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BOE Attorney Fees


Guest Resident
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Guest Resident

Can anyone who was at the BOE meeting last night tell me why just (2) of the many attorneys the BOE has were paid over $23,000.00 for just last month alone? What is this being spent on?

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Guest Guest

Can anyone who was at the BOE meeting last night tell me why just (2) of the many attorneys the BOE has were paid over $23,000.00 for just last month alone? What is this being spent on?

You were at the meeting, apparently. There's no reason to think anyone here can tell you. Did you ask the Board?

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Guest Wondering

Can anyone who was at the BOE meeting last night tell me why just (2) of the many attorneys the BOE has were paid over $23,000.00 for just last month alone? What is this being spent on?

Was that a point of discussion at the meeting? Since when are attorney fees part of the general discussion?

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Guest Guest

Was that a point of discussion at the meeting? Since when are attorney fees part of the general discussion?

No reason they shouldn't be. They're part of the Board's business, and the public has every right to know.

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Guest Crazy spending

No I was not at meeting and certainly any Money spent is not confidential . People at the office have been talking about the exauborant legal costs lately. I think if the board is spending that kind of money it should be a part of discussion so taxpayers know where their money is going

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Guest Guest

No reason they shouldn't be. They're part of the Board's business, and the public has every right to know.

That may be, but those bills are not presented to the public. The only $$ amount is the total that is in the report for approval with all the other bills. so the question remains - how does Resident know what the totals are?

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Guest Guest

That may be, but those bills are not presented to the public. The only $$ amount is the total that is in the report for approval with all the other bills. so the question remains - how does Resident know what the totals are?

Have you asked for an itemized accounting? They might give it to you if you ask, in fact they're probably required to do that under the Freedom of Information Act. Don't assume that the numbers you get at the BOE meeting are the sum total of all the information that is available if you request it.

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Guest News Flash

That may be, but those bills are not presented to the public. The only $$ amount is the total that is in the report for approval with all the other bills. so the question remains - how does Resident know what the totals are?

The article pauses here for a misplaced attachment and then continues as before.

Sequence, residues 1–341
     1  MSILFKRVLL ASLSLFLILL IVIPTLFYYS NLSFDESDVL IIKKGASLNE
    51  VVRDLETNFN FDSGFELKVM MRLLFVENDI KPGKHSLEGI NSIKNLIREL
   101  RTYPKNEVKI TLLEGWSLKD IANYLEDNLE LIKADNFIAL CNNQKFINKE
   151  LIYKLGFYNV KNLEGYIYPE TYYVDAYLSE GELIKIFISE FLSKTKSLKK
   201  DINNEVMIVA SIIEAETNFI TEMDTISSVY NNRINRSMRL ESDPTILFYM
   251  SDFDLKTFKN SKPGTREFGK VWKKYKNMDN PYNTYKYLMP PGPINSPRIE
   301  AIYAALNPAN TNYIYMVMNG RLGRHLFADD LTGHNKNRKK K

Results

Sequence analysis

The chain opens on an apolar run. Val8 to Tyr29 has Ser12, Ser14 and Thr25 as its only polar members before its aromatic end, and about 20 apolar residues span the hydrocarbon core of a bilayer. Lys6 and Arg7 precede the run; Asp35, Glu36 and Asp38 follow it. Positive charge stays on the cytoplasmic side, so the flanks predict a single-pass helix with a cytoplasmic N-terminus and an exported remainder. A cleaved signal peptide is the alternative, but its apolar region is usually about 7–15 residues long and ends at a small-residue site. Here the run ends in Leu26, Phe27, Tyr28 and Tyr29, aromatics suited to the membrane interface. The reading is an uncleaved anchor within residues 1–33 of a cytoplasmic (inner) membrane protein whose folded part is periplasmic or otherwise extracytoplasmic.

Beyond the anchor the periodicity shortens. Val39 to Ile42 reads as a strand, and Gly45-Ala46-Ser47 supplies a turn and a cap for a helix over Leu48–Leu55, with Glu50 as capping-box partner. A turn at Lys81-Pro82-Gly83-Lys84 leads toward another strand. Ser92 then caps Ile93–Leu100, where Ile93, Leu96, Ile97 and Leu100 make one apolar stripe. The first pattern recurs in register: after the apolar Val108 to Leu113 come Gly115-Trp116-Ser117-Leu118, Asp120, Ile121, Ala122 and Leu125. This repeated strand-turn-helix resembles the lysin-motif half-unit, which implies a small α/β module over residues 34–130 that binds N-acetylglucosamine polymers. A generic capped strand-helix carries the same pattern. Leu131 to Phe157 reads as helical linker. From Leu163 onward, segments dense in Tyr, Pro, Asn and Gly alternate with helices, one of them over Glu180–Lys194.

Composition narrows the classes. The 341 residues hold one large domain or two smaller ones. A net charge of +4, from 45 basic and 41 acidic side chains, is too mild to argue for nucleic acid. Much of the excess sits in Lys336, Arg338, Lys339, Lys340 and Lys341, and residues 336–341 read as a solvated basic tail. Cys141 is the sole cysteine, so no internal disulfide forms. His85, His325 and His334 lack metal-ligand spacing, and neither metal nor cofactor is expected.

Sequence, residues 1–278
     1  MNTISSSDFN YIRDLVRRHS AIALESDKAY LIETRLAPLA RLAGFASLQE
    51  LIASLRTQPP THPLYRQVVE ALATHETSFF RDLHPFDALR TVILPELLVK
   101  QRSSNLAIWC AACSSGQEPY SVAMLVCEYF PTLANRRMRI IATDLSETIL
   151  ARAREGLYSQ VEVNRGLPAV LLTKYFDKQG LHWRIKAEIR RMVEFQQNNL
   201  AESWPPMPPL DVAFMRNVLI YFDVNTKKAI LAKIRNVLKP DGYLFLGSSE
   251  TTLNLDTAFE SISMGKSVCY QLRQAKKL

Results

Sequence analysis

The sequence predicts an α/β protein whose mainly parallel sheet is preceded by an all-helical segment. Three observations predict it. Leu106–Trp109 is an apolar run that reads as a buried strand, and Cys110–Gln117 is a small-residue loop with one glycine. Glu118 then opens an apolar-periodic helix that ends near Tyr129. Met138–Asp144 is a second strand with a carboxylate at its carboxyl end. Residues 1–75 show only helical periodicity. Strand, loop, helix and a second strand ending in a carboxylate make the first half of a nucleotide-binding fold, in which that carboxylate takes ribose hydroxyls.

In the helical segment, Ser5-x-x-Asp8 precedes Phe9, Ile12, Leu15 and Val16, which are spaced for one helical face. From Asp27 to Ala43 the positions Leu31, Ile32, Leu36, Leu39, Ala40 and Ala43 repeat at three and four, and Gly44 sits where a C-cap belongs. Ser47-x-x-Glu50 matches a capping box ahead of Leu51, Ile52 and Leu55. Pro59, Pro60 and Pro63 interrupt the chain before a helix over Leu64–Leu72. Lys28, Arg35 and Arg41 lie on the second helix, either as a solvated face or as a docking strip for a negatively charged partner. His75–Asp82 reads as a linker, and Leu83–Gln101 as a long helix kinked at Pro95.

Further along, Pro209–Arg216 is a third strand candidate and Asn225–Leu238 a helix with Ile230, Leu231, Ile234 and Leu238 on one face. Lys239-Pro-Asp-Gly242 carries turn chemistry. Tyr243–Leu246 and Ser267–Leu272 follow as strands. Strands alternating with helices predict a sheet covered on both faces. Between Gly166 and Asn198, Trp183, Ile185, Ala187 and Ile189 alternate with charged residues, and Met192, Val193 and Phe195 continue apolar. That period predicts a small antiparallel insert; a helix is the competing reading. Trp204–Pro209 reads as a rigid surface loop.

All you have to do is know one of the hens in the henhouse on Davis Ave. or stop in for coffee at the Greeks. The information is there before the ink hits the paper.

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Guest Concern Parent

Matters discussed in executive session need to stay in that room and kept quiet by board members.

The employees working for the board need to do the same.

Any expense by the board is public record.

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Guest Law Man

Matters discussed in executive session need to stay in that room and kept quiet by board members.

The employees working for the board need to do the same.

Any expense by the board is public record.

You omit three very important requirements.

1. The Board must provide in public the reason to go into executive session. Saying "litigation" or "personnel" is not sufficient. You have to identify the legal matter or the employee or the contract negotiation that will be discussed in executive session.

2. Minutes must be kept of the executive session and those minutes must be made publcily available once the matter is resolved.

3. No Board member with a conflict of interest may participate in executive session. There is no "necessity" for a conflicted member to attend executive session.

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Guest Guest

You omit three very important requirements.

1. The Board must provide in public the reason to go into executive session. Saying "litigation" or "personnel" is not sufficient. You have to identify the legal matter or the employee or the contract negotiation that will be discussed in executive session.

2. Minutes must be kept of the executive session and those minutes must be made publcily available once the matter is resolved.

3. No Board member with a conflict of interest may participate in executive session. There is no "necessity" for a conflicted member to attend executive session.

Check your facts

1. Not sure you have to identify specific llitigation matters. Pretty darn sure you can not and should not identify employees, who have the right to privacy, until there is resolution of the matter. Employees to be discussed have to be notified in writing and are given the option of having their discussion in open.

2. Minutes ARE kept. And they MAY be released when there is a resolution to the matter. There is no rule that they MUST be.